Comments at Arlington County Board Meeting, January 28, 2020
I am speaking on my own behalf as a non-car diet commuter, not on
behalf of the Arlington Transportation Commission, of which I am a member.
This item was heard at the January 9 Transportation Commission
meeting. While there was considerable discussion of the merits of penalizing
excessive speeds, there was no attention given to the actual criteria for designating
The staff report defines the types of road segments that could qualify as speed traps and indicates that it will evaluate existing traffic data, police reports and citizen complaints in targeting “residential streets that carry relatively higher traffic volumes and have documented speeding issues.”
But nowhere is “documented speeding issues” defined. When I asked
a question about how the County determines a speed zone, County staff said this
information is available elsewhere in Section 14.2 of County code. I couldn’t
find it there and shouldn’t have to. Basic information about a proposed
regulation should be in the ordinance itself or in a document linked to it.
Accepting at face value the information or lack thereof provided
by planning staff is referred to in public policy literature as staff driven
decision-making. Staff driven boards and commissions ill serve the public
interest, since an uniformed decision is generally a poor one. The fault lies
not with staff, but with the decision makers who fail to solicit the information
they need to make intelligent decisions.
I recommend that County Board require language inserted into this
ordinance that stipulates what constitutes a speed zone. Otherwise it will lend
itself to abuse.
Comments at League of Women Voters Hosted Hearing For Arlington Legislators, December 19, 2019
I oppose an initiative included in the County Board legislative package to the General Assembly that would:
“Oppose any state mandate to localities requiring local law enforcement officers to evaluate the immigration status of individuals encountered during lawful stops or other routine police activities.”
First, this language turns the law on its head, because police officers are required to enforce the law, including immigration laws. See 8 U.S. Code § 1373 and 8 U.S. Code § 1644.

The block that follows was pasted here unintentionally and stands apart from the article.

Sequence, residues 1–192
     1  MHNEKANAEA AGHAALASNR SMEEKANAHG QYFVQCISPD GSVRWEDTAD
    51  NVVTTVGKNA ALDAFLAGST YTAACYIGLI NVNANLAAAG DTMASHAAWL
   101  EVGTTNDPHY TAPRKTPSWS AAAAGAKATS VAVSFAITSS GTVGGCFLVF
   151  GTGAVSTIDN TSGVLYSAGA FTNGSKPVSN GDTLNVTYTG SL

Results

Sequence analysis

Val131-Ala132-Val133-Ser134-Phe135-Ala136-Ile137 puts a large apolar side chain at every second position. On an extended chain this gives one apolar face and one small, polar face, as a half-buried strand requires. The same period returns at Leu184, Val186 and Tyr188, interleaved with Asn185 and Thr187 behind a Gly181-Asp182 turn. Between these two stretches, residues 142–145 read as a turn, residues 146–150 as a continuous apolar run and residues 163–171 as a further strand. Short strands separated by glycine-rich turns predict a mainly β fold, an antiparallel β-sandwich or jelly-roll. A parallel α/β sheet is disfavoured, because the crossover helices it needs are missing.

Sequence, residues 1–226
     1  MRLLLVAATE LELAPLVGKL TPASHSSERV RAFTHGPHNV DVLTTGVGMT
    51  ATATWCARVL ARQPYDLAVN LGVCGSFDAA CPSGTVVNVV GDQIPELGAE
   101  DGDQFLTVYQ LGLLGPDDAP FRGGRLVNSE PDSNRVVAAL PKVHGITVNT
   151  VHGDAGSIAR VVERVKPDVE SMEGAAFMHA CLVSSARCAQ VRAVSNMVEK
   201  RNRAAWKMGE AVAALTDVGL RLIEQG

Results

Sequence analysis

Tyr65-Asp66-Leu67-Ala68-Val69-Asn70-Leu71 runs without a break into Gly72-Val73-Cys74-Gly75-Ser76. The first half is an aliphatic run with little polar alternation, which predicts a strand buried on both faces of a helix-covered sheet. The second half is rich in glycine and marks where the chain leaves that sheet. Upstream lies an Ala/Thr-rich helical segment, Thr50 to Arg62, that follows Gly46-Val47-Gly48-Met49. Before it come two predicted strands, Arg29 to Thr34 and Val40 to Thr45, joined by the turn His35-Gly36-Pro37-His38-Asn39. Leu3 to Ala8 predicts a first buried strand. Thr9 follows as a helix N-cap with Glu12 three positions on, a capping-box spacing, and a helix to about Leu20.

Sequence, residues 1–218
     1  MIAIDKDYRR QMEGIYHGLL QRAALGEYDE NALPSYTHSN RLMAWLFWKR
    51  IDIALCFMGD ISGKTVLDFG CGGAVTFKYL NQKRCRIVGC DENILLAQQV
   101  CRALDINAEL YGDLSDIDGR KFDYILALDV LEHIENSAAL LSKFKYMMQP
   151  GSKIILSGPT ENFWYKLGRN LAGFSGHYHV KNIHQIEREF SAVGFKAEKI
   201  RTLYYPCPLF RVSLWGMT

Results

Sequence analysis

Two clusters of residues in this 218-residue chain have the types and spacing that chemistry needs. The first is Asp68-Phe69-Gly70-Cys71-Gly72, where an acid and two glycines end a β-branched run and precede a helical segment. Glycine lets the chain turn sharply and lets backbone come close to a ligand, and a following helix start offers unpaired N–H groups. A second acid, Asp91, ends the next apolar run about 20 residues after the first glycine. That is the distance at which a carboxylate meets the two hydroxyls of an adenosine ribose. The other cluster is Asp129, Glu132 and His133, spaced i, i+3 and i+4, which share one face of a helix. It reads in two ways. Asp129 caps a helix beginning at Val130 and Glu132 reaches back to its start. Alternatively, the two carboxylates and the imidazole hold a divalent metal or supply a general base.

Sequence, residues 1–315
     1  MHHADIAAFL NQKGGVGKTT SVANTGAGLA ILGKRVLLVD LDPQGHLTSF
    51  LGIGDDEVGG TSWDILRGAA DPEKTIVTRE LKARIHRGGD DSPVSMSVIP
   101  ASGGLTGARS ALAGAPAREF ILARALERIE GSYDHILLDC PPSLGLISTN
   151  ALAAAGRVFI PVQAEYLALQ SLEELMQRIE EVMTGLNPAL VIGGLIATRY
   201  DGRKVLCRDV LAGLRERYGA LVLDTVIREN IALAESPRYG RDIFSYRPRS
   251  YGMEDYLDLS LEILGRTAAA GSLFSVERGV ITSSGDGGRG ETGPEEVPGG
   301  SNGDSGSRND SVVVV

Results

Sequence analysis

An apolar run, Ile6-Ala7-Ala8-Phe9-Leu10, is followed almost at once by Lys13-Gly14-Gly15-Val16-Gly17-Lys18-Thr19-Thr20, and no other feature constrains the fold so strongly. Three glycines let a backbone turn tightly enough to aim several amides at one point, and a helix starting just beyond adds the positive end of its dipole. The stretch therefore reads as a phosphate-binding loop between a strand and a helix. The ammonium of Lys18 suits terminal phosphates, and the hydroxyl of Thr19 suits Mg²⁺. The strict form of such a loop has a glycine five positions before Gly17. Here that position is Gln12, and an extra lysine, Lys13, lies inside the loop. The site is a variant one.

Second, proscribing traffic stops for immigration offenses amounts to selective enforcement, insofar as it requires police to ignore immigration offenses while citing non-immigration offenses. Selective enforcement of the law is a per se violation of the Equal Protection Clause of the Fourteenth Amendment of the U.S. Constitution.
Third, it is well known that the principal victims of crimes
perpetrated by illegal immigrants are legal immigrants. Barring police from
citing undocumented persons will serve to oppress the many thousands of legal
immigrants and naturalized citizens who reside in Northern Virginia.
Fourth, those who promote non-enforcement of immigration laws are using the issue as a cudgel to score political points by race baiting opponents. This type of demagoguery should not be tolerated by the General Assembly.
A recently published VDOT report indicates that average speeds are down and travel time is up on eastbound I-66 Inside the Beltway toll lanes.
The likely culprit is tolling cheating on eastbound I-66 resulting
from lack of enforcement by Virginia State Police due to unsafe road shoulders
from which to monitor toll traffic. I urge the General Assembly to consult with
VDOT regarding the installation of electronic detection devices at toll
gantries to enable adequate surveillance of road traffic on eastbound I-66.